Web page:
Prof. Scott Stull
A Man Called “Bee”: Studying the Yanomamo
In February of 1971, ethnographer Napoleon Chagnon went against all the negative outcomes of visiting a village that had never seen a foreigner before, to see what it was like to live with the Yanomamo people. He spent thirty-six months with the Yanomamo and eventually understood their culture completely by studying their ways through ethnographic methods.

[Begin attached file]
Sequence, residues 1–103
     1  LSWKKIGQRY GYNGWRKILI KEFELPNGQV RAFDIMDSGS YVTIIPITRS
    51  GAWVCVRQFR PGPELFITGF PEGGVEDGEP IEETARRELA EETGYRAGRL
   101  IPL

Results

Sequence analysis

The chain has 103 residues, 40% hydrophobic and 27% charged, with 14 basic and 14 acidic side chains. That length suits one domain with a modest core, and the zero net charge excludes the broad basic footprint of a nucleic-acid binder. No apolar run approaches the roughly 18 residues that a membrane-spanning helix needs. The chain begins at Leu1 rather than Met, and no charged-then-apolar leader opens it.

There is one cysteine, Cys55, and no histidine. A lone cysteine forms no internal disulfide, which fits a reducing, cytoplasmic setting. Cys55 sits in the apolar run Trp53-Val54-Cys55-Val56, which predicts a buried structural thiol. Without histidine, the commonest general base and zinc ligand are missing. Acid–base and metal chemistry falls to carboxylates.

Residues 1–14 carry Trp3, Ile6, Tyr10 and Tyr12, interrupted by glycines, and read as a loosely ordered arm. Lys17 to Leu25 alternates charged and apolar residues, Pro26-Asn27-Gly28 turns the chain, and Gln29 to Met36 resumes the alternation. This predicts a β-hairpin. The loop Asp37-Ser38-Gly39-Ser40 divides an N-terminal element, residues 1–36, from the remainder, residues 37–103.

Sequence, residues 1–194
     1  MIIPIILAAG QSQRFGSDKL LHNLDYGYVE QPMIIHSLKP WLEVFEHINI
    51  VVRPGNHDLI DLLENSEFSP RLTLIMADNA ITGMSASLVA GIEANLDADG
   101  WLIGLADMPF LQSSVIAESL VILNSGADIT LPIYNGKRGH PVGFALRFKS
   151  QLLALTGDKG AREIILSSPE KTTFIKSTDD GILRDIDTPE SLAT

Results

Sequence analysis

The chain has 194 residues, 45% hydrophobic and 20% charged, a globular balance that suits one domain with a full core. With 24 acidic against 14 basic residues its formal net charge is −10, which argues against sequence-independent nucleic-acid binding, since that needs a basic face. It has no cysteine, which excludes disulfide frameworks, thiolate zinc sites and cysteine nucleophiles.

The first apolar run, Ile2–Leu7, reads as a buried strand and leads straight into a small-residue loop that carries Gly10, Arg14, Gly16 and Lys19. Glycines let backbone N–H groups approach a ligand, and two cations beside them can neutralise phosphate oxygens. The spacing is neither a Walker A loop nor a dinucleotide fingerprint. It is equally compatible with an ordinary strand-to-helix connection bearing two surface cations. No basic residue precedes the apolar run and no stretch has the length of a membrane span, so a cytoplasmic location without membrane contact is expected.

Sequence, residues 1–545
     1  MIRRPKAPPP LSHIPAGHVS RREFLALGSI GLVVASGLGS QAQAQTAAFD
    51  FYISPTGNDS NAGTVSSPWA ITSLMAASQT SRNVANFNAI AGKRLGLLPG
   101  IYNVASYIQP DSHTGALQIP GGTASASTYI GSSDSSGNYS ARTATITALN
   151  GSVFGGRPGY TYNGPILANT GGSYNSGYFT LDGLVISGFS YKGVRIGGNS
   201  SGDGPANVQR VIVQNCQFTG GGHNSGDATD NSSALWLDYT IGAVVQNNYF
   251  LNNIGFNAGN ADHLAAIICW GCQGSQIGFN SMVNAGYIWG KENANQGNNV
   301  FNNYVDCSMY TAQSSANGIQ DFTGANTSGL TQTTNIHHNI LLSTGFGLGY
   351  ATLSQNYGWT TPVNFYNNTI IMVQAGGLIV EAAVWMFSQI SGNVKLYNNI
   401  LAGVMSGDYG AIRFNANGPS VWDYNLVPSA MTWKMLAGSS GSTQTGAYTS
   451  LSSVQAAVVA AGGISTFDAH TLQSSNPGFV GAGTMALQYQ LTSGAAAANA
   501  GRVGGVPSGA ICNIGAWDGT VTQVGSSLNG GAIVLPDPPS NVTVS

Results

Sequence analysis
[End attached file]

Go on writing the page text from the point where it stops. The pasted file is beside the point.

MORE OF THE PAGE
“Shanki” or the man they called “Bee” was the ethnographer who observed and studied the culture of the Yanomamo. He told audiences about the Yanomamo, a culture not yet experienced by the outside world, from his perspective and through the information he gathered during his studies. Shanki used video cameras and took photographs to observe the Yanomamo culture. The audience was able to observe and get a sense of what the people were like, where they lived, and how they lived their lives. Within the video he shows how he began to interact with the people as soon as he could. He tried to integrate into their society and become a welcomed member to study their practices more clearly through participating in many of their set activities. One example of a set activity that Shanki participated in that was very important to the Yanomamo people was ridding of bad spirits. During this activity the people used strange body movements and had to lick their fingers all in an attempt to get rid of the bad entity. Shanki was wished for a sense of belonging among the Yanomamo people and he noticed that he could become involved in their community and get the people to accept him by being very open to learning their beliefs and cultural practices. He learned that they had very strong cultural beliefs. One example of a strong belief of the Yanomamo people would be their healing rituals. The people believed that if someone were to get sick that had to talk to the spirits for you to get better. Although...
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